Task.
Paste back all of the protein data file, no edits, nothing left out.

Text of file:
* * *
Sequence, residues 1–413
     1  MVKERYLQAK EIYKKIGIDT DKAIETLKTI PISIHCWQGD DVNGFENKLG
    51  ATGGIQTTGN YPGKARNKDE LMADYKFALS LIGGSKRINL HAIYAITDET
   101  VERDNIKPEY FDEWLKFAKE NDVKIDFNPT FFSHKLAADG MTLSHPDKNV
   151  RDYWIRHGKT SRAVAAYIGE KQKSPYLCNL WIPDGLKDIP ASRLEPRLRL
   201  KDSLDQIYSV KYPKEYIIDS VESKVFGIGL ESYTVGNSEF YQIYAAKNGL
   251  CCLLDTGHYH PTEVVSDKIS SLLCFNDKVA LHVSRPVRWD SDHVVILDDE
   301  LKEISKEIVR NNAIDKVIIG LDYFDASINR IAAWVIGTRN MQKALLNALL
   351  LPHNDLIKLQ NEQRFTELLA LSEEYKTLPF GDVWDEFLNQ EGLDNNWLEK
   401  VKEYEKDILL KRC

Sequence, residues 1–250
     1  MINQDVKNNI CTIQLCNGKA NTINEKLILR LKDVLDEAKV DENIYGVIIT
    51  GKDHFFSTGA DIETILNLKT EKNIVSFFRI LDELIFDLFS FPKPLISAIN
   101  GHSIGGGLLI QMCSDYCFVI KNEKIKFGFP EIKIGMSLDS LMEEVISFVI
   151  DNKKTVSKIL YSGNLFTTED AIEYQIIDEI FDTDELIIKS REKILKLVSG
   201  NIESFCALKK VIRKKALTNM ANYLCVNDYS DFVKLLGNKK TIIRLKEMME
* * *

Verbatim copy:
Sequence, residues 1–413
     1  MVKERYLQAK EIYKKIGIDT DKAIETLKTI PISIHCWQGD DVNGFENKLG
    51  ATGGIQTTGN YPGKARNKDE LMADYKFALS LIGGSKRINL HAIYAITDET
   101  VERDNIKPEY FDEWLKFAKE NDVKIDFNPT FFSHKLAADG MTLSHPDKNV
   151  RDYWIRHGKT SRAVAAYIGE KQKSPYLCNL WIPDGLKDIP ASRLEPRLRL
   201  KDSLDQIYSV KYPKEYIIDS VESKVFGIGL ESYTVGNSEF YQIYAAKNGL
   251  CCLLDTGHYH PTEVVSDKIS SLLCFNDKVA LHVSRPVRWD SDHVVILDDE
   301  LKEISKEIVR NNAIDKVIIG LDYFDASINR IAAWVIGTRN MQKALLNALL
   351  LPHNDLIKLQ NEQRFTELLA LSEEYKTLPF GDVWDEFLNQ EGLDNNWLEK
   401  VKEYEKDILL KRC

Sequence, residues 1–250
     1  MINQDVKNNI CTIQLCNGKA NTINEKLILR LKDVLDEAKV DENIYGVIIT
    51  GKDHFFSTGA DIETILNLKT EKNIVSFFRI LDELIFDLFS FPKPLISAIN
   101  GHSIGGGLLI QMCSDYCFVI KNEKIKFGFP EIKIGMSLDS LMEEVISFVI
   151  DNKKTVSKIL YSGNLFTTED AIEYQIIDEI FDTDELIIKS REKILKLVSG
   201  NIESFCALKK VIRKKALTNM ANYLCVNDYS DFVKLLGNKK TIIRLKEMME